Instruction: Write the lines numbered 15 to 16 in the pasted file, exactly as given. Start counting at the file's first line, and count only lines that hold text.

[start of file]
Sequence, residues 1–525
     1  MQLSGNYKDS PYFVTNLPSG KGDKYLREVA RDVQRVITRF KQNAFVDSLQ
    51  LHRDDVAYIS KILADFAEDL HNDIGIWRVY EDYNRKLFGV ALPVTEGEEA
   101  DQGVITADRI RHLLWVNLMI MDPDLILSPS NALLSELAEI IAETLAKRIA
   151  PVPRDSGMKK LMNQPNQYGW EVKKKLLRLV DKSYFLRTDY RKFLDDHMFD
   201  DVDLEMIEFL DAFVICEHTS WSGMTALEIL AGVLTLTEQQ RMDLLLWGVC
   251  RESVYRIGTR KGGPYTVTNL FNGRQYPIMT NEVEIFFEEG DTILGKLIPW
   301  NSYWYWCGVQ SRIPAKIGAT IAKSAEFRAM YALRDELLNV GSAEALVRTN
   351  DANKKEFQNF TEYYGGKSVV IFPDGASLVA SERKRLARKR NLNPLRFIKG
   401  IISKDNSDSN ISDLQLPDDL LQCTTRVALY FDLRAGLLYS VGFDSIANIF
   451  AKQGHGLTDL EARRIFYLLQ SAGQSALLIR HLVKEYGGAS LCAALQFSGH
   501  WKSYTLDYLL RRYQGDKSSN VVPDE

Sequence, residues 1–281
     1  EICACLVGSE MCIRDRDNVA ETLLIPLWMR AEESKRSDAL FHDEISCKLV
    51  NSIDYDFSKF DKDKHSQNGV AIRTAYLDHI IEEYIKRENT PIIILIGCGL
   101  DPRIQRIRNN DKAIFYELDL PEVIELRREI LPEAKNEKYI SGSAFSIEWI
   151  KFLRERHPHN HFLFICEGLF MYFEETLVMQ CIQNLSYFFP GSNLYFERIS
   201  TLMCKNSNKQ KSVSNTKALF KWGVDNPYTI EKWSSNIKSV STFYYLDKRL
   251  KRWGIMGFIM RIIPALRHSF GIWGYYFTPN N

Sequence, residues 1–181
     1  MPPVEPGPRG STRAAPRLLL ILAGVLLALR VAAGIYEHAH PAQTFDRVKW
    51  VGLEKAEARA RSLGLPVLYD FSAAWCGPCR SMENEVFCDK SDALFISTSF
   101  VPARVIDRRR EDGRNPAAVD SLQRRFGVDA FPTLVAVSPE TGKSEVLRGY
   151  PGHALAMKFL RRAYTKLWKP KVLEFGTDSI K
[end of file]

    51  NSIDYDFSKF DKDKHSQNGV AIRTAYLDHI IEEYIKRENT PIIILIGCGL
   101  DPRIQRIRNN DKAIFYELDL PEVIELRREI LPEAKNEKYI SGSAFSIEWI